Improving Pickens County residents’ knowledge of risk factors for cardiovascular disease and type 2 diabetes
Dr. Michele Montgomery, assistant professor at UA’s Capstone College of Nursing; Dr. Paige Johnson, assistant professor at UA’s Capstone College of Nursing; Pickens County Community Action Committee & CDC Inc.; Pickens County Board of Education; Pickens County Head Start; Diabetes Coalition

Development of a family medicine residency in Pickens County
Dr. Richard Friend, director of The University of Alabama Family Medicine Residency and associate professor and chair of the Department of Family, Internal, and Rural Medicine at UA’s College of Community Health Sciences;; Jim Marshall, CEO of Pickens County Medical Center; Deborah Tucker, CEO of Whatley Health Services

Pickens County medical-legal partnership for the elderly
Gaines B. Brake, staff attorney with the Elder Law Clinic at UA’s School of Law; Jim Marshall, CEO of Pickens County Medical Center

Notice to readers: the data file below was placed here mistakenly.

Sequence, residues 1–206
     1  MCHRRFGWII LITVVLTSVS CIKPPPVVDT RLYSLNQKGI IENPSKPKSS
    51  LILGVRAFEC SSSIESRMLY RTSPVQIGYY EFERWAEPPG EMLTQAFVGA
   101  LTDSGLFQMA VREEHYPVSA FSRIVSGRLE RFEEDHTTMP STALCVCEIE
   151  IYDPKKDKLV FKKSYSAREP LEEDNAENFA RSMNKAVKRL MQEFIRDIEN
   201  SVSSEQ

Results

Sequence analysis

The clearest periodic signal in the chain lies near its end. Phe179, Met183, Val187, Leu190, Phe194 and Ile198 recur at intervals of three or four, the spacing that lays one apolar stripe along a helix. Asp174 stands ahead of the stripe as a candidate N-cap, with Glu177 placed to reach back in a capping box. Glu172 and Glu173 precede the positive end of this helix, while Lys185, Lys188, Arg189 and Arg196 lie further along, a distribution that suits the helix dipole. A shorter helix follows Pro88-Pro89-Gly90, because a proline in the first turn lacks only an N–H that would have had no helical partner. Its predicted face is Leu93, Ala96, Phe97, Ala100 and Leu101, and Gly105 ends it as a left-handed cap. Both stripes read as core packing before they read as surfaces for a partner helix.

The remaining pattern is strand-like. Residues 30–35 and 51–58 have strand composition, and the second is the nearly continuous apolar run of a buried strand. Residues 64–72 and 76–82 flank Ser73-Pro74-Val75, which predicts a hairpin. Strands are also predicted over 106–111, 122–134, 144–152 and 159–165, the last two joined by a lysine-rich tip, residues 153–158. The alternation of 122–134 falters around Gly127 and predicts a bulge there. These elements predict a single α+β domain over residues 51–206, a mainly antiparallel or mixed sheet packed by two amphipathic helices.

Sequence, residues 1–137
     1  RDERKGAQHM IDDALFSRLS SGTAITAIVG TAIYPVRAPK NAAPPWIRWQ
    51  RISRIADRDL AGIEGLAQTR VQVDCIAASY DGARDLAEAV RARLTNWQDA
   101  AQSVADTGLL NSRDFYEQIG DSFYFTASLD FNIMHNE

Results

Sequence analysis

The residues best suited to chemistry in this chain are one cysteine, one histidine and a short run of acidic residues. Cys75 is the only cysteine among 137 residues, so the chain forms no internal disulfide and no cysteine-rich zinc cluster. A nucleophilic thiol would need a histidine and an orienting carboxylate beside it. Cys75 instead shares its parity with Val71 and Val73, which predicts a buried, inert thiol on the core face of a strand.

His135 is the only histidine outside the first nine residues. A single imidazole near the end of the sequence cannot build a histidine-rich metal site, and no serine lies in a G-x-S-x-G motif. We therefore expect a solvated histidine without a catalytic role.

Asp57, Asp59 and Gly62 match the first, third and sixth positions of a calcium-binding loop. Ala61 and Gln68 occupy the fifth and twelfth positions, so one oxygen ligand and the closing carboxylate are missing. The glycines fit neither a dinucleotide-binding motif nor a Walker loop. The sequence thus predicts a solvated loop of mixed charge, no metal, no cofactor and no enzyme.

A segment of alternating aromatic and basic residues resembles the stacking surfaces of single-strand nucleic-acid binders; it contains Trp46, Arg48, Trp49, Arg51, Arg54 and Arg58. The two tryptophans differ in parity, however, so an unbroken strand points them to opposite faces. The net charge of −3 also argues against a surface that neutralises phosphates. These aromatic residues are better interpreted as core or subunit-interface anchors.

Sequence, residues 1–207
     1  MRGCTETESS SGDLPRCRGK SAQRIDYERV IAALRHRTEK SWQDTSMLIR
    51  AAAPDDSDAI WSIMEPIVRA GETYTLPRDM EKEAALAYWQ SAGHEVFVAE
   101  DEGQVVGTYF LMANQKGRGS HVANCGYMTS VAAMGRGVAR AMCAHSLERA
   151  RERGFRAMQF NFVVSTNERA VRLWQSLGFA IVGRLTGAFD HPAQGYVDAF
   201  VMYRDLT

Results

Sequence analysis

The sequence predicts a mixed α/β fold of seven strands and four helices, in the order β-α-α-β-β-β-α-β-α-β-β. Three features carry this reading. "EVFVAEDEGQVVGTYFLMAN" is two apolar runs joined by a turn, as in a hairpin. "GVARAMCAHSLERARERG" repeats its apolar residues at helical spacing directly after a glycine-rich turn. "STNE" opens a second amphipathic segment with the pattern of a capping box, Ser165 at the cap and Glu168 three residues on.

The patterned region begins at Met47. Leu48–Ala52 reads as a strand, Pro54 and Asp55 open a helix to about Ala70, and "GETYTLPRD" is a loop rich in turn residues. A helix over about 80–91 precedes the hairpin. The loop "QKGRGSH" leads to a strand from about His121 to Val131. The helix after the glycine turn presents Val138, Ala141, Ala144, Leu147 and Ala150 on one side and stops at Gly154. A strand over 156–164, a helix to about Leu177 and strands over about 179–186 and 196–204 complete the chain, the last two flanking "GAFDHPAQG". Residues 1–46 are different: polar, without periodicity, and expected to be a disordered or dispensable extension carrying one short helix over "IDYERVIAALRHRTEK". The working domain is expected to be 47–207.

Improving access to cardiac rehabilitation services in Pickens County
Dr. Avani Shah, assistant professor of Social Work at UA; Dr. Jonathan Wingo, associate professor of Kinesiology at UA; Sharon Cawford Wester, RRT, Cardiopulmonary Rehab Pickens County Medical Center

Alabama Literacy Project
Dr. Carol Donovan, professor of special education and multiple abilities at UA; Jamie Chapman, superintendent of Pickens County schools

Bringing healthy food options and ease of preparation to senior adults